Can't Smart Growth And Sprawl Just Get Along?
Problems with nomenclature may prevent "smart growth" -- or high-density housing -- from being used appropriately, including targeting the right audience. If the vast majority of people want "sprawl", should they get it? Smart growth may only be appropriate for the minority willing to accept it, writes Rick Bishop, AICP.
Let's run down the list of things people tend to frown upon. Serial killers. Earthquakes for sure. Dysentery. And, of course, there's high-density housing.
Forget about the occasional story in newspapers across the country that enthusiastically touts the "new" mixed-use projects popping up here and there. That high-density and mixed-use developments are even reported at all in mainstream media -- their "newsworthiness," in other words -- serves to exemplify how these developments are still a sort of novelty act. They are news because they are different. And forget about getting all excited about the institutional magazines, websites, and planning-oriented newsletters that glamorize and focus on this topic. They are only read by, well, people like us.
In spite of the increased hoopla, mixed-use and high-density developments are still the planning equivalent of the lizard-skinned man at the county fair. Maybe not quite at "freak-show" level, but still far from planning mainstream. Their prospects remain relegated to the redevelopment wing of urban planning, often seen only as an acceptable approach and safe risk for revitalizing areas that are underutilized and run down.
The lion's share of resentment for and wariness of high-density tends to be heaped onto the NIMBYs. But in recently attending a meeting of state and regional planning leaders discussing California's future, I was struck by the overall neutrality toward these planning approaches, particularly as they might be incorporated in greenfield development.
Part of the problem may be that issues surrounding mixed-use and high-density development have been sucked into a nomenclature vortex. Rather than simply touting the many benefits of high-density and mixed-use development -- reducing automobile trips, providing variety and affordability in housing opportunities, improving air quality, providing more opportunities for open space preservation and creating distinguishable city centers, to name a few -- we've spent extensive time disguising the term "high-density," packaging it instead as "transit-oriented design", "neotraditionalism", "livable communities", "new urbanism", "smart growth", or "urban villages". That effort has yielded questionable results, considering the various interpretations of these terms that have now developed in recent years.
In some cases we have ourselves to blame. I've attended more than one planning conference session entitled "Smart Growth" only to hear panelists focus on the use of urban limit lines to corral and/or slow growth. And if planners don't have a handle on how to interpret the term, imagine what a single swipe from a nationally-syndicated columnist can do. George Will once wrote that "The purpose of 'smart' 'coordinated' growth is to prevent the masses, in their freedom, from producing democracy's byproducts -- untidiness and even vulgarity. And the bland notion of 'planning' often is the rubric under which government operates when making its preferences and prophecies -- often meaning its arrogance and its mistakes -- mandatory." Great.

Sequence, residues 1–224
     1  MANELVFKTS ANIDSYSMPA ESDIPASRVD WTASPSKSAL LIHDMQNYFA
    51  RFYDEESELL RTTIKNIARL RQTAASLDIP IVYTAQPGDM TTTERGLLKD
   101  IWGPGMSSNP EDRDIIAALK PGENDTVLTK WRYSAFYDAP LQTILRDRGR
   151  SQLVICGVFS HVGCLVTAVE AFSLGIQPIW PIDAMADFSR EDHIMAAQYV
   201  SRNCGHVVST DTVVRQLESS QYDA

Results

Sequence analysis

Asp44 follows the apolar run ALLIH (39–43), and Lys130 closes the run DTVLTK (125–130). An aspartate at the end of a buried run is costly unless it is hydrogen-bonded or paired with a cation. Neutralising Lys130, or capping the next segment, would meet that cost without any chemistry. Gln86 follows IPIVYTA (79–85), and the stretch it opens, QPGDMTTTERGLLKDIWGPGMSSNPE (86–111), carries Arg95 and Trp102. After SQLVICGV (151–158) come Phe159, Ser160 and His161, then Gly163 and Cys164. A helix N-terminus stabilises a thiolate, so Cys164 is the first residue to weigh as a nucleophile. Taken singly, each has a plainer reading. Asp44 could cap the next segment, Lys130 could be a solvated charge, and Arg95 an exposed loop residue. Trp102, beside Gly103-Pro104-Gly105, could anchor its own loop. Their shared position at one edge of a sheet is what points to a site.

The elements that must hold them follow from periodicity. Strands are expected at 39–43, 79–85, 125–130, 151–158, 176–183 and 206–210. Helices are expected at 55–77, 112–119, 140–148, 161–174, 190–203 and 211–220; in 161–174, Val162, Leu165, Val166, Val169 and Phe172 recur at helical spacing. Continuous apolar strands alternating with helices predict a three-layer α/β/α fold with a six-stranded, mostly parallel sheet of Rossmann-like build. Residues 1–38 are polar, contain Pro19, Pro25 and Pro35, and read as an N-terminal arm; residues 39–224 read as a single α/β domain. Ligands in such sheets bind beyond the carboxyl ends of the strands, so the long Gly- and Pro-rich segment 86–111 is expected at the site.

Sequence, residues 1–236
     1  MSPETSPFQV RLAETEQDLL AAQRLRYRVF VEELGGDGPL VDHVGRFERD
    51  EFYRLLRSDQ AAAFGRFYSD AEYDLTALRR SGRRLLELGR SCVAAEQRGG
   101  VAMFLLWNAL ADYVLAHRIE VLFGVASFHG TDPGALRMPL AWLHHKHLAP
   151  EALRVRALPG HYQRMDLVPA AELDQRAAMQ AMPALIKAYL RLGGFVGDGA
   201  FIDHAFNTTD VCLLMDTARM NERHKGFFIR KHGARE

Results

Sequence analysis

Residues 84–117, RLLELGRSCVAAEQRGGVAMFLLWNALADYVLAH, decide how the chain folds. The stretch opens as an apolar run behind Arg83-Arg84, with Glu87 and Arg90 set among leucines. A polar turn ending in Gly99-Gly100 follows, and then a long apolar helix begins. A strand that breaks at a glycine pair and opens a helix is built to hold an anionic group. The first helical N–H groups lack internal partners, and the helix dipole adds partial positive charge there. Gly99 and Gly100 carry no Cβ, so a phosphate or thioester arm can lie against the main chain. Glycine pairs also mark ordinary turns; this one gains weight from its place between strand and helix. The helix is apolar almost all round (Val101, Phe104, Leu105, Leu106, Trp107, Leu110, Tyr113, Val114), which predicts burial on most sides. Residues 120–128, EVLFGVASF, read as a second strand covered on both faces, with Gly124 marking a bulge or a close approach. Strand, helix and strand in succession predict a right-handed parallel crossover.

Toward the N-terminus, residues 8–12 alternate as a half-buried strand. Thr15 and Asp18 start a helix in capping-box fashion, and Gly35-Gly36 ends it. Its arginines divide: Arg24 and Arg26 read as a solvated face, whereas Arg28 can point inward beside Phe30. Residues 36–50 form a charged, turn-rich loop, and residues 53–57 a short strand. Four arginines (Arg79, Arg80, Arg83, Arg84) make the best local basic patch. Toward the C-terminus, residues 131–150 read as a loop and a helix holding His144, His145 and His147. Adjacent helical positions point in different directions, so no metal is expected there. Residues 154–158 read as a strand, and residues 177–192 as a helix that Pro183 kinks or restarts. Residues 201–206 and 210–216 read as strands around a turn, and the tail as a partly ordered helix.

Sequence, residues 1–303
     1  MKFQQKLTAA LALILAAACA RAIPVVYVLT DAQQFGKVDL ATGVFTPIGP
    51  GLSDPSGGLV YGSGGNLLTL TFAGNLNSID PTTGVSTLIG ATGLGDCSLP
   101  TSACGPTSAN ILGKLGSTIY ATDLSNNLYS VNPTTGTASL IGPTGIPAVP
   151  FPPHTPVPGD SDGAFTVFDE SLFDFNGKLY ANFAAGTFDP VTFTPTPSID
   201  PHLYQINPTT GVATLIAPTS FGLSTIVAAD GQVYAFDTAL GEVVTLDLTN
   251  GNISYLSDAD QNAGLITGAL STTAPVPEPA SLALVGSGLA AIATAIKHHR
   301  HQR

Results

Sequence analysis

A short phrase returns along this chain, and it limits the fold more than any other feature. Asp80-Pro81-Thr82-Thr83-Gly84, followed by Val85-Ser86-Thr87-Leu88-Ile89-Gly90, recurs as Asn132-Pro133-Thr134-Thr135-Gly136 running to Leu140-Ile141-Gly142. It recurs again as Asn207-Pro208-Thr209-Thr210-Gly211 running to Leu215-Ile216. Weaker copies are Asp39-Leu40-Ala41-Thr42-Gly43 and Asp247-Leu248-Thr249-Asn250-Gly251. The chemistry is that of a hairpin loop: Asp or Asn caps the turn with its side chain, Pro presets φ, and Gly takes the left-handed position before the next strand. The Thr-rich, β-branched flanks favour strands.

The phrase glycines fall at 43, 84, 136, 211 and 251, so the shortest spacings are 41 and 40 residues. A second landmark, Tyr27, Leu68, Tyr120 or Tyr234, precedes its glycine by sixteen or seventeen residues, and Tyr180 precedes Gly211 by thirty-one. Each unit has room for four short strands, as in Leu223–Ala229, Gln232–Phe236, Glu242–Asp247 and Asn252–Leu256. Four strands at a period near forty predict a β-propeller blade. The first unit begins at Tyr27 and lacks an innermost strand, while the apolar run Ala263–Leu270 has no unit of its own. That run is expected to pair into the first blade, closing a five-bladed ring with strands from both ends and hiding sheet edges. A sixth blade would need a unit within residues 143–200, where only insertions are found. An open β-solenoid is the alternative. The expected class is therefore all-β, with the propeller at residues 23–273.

Too often planners, the public, and decision-makers seem to make smart-growth an "all-or-nothing" issue when discussing future development. In their simplest form, though, smart growth concepts should be one of many common and acceptable approaches utilized by jurisdictions to plan for and accommodate future growth. In western Riverside County, California, for example, we know through survey research that 85% of prospective home buyers desire to purchase a single family home in a suburban-style setting. Current development patterns in the subregion correspond to these desires, and there's nothing wrong with that. There's no need for smart growth efforts to be geared towards changing the preferences of the 85% who steadfastly seek suburbia. But what about focusing on the 15% of respondents who are looking for something else?
Planners and policy makers need to find ways to bring mixed-use and high-density development into the planning mainstream to meet these needs, both in rebuilding existing communities and, especially, in building new ones. Mixed-use and high-density developments deserve equal standing as we build our new cities; they shouldn't be viewed only as a way to revitalize the dead ones.
Rick Bishop, AICP, has over 20 years of intergovernmental planning experience in both the public and private sectors. He serves as Executive Director of the Western Riverside (California) Council of Governments, which includes 15 jurisdictions as member entities. The views expressed in this article are solely the author's, and do not reflect any policy of WRCOG or its member agencies.